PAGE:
The interaction of plants and their herbivorous opponents has shaped the evolution of an intricate network of defences and counter-defences for millions of years. The result is an astounding diversity of phytochemicals and plant strategies to fight and survive. Trees are specifically challenged to resist the plethora of abiotic and biotic stresses due to their dimension and longevity. Here, we review the recent literature on the consequences of phytochemical variation in trees on insect–tree–herbivore interactions. We discuss the importance of genotypic and phenotypic variation in tree defence against insects and suggest some molecular mechanisms that might bring about phytochemical diversity in crowns of individual trees.
Plants and insects coevolved since more than 350 million years (Whitney and Glover 2013) and during this time plants have developed an enormous diversity of chemical defence compounds. An arms race between insects and plants is thought to be the main driver of diversification in plant defence chemistry (Ehrlich and Raven 1964). Trees, as long-lived woody perennials, are dominant components of terrestrial ecosystems and they host an enormous diversity of insects (Basset et al. 2012). Their longevity, their size, their architecture and the formation of wood make the appearance of trees very different from herbaceous plant species. A survey of leaf herbivory across all major plant lineages revealed that compared to herbaceous plants, woody species experience 60% more herbivory (Turcotte et al. 2014). How can individual trees withstand these loads of herbivores and the amount of concomitant damage throughout their lifetime of sometimes hundreds of years? They have evolved physical barriers such as spines and thorns as well as tough, lignified leaves and on top of this they produce a large diversity of carbon-based phytochemicals such as phenolics and terpenoids as defences against their attackers. Additionally, there are vertical and horizontal gradients in abiotic conditions in treetops that can promote variation in tree defence chemistry which in turn can affect insect herbivore performance. In the eye of a tiny herbivorous insect, the treetop of a single tree is not just a homogenous predictable habitat but rather a heterogeneous and often inhospitable environment. Phytochemical diversity in treetops has the potential to shape insect community diversity and population structure as recent studies in woody species within the tropical genus Piper convincingly showed (Glassmire et al. 2016; Richards et al. 2015). In the light of this, it seems surprising that both the differences in the phytochemical composition within a tree crown, as well as the elucidation of potential mechanism maintaining phytochemical variation, has received little attention (Table 1).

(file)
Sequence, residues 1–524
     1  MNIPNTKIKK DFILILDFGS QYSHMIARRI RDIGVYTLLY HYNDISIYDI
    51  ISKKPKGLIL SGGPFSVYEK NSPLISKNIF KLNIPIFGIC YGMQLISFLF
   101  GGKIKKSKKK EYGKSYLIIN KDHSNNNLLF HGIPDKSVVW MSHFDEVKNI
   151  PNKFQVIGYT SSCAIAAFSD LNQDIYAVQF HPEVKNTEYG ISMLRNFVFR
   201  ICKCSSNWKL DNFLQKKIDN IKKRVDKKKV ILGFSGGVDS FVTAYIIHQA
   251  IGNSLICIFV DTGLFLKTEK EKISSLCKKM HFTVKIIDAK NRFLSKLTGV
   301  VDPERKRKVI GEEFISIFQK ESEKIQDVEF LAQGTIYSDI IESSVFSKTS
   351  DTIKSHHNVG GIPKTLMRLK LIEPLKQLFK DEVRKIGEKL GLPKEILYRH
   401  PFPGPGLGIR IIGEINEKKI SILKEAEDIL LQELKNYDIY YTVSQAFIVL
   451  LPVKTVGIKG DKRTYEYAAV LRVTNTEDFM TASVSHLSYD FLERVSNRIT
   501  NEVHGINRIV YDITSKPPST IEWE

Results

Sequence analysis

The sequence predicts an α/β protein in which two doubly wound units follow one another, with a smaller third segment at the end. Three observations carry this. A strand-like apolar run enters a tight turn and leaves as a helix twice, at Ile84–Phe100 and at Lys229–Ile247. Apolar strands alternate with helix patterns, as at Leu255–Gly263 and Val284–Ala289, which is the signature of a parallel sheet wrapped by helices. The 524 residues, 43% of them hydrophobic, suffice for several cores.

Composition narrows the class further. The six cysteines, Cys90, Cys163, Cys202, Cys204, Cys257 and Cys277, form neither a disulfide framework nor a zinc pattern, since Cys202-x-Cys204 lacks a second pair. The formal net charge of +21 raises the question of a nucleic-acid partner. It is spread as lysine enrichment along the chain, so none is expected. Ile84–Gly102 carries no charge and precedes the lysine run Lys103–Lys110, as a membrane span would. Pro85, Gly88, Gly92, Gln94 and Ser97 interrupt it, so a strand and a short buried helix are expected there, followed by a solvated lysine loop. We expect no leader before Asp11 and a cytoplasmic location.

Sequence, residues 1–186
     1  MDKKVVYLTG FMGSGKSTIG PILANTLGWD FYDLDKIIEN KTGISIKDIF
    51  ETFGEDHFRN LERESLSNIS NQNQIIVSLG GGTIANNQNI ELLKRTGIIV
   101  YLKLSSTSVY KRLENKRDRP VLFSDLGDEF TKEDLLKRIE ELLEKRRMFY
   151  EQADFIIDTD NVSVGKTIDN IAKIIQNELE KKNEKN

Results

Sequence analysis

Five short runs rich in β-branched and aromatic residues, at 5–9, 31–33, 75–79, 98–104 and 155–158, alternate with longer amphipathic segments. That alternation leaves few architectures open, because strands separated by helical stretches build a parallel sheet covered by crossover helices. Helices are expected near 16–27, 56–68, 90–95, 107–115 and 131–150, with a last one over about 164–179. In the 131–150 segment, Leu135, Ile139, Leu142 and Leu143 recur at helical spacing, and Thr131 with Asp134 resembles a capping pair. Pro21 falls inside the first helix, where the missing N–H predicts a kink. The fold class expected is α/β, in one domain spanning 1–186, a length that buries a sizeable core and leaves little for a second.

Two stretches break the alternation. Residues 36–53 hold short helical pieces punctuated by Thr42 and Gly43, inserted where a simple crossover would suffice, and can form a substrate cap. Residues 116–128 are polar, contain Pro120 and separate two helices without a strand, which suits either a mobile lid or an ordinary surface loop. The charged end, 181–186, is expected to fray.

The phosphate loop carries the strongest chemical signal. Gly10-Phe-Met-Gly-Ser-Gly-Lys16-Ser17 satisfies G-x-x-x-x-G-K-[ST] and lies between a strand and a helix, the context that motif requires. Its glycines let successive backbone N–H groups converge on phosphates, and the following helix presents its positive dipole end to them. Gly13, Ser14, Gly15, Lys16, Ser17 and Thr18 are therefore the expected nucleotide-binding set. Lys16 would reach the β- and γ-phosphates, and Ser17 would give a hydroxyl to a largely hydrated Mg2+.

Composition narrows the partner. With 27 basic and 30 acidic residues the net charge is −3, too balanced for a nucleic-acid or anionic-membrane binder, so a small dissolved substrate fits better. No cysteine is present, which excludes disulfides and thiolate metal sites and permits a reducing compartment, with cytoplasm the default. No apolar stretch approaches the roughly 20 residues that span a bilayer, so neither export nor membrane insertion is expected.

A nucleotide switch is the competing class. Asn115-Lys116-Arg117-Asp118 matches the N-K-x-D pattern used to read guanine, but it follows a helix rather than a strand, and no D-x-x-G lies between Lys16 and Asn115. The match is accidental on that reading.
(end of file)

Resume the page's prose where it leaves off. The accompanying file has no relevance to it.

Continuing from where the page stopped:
Here, we review the recent literature of the last 15 years on causes and consequences of intra-specific variation in tree defence chemistry against insect herbivores aboveground. Recent findings on the role of abiotic conditions, tree genotype, spatial and temporal patterns, ontogeny and herbivore feeding for tree phytochemical variation are summarized (Fig. 1). In this manuscript, we want to specifically emphasize the phytochemical variation within treetops of old-growth trees, and the consequences for insect herbivores, as the vertical dimension of trees has so far almost been neglected in studies on tree defence chemistry (Table 1). In the second part of this review, we outline different molecular mechanisms that contribute to the maintenance of phytochemical variation in plants (Fig. 1). The recent literature from mostly herbaceous species is used to suggest molecular mechanisms responsible for the variation in tree defence chemistry against insect herbivores. In a final chapter, we point out the lack of knowledge in the mechanistic understanding of tree defence against insect herbivores under natural conditions and suggest an interdisciplinary research approach to study the ecology of tree-insect interactions in the future.